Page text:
Media Release: 9- 12- 2013
Woodchip mill protest launches national forest campaign
A collection of forest groups from around Australia, launching a national campaign known as Fearless Summer are maintaining a presence outside the SEFE woodchip mill at Eden. A group of 40 conservationists stopped truckloads of native forest from entering the mill this morning. Police are currently on site attempting to escort trucks into the mill.
Miranda Gibson, who recently spent 449 days in a tree in Tasmania to protest the logging of high conservation value forests has joined conservationists from around Australia, to take action today.
“Today’s action is the beginning of a nation-wide campaign to highlight the destruction of Australia’s native forests. Actions will continue around the country, putting pressure on companies like Ta Ann and Nippon in a call for native forest protection” said Ms Gibson, spokesperson for Still Wild Still Threatened.
“I have witnessed spectacular tracts of ancient forest in Tasmania destroyed at a cost of millions of dollars to the tax-payer. I am now seeing this same destruction of our vital forest ecosystems here on the mainland. Every state forestry agency in Australia is a drain on the public purse, while international companies like Ta Ann and Nippon Paper make a profit from our losses” said Ms Gibson.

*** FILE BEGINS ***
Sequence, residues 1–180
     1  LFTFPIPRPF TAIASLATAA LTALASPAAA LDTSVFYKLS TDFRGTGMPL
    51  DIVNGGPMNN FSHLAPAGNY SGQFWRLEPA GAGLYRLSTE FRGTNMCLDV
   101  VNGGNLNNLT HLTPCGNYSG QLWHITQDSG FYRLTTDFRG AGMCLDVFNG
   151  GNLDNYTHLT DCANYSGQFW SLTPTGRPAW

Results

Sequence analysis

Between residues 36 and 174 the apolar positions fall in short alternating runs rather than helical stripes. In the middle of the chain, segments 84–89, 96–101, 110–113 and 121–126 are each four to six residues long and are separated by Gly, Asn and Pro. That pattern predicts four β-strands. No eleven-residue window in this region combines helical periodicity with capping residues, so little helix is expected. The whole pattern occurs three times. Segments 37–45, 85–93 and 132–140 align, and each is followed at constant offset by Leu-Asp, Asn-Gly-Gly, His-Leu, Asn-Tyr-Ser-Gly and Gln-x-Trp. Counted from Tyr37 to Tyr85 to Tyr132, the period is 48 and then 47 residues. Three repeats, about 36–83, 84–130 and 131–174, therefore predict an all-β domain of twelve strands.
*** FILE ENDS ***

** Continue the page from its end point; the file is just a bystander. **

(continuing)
“Forests across Australia are being irreparably damaged by an industry that is not economically viable, and is unable to stand on it’s own two feet. Why should the tax payer have to fund the destruction of our native forests? This industry is one of constant loss, from the forests to the hip-pocket” said David Caldwell, spokesperson for Goongerah Environment Centre (GECO)
“We are losing precious, irreplaceable ecosystems to the Eden chip mill to be shipped offshore, for the private profit of Nippon Paper, ” said Mr Caldwell.
“It is bad enough that the forests of south eastern Australia are decimated to feed the Eden woodchip mill, but even worse when Australian taxpayers and shareholders are forced to subsidise it. This makes no sense at all” said Harriet Swift, spokesperson for South East Region Conservation Alliance (SERCA).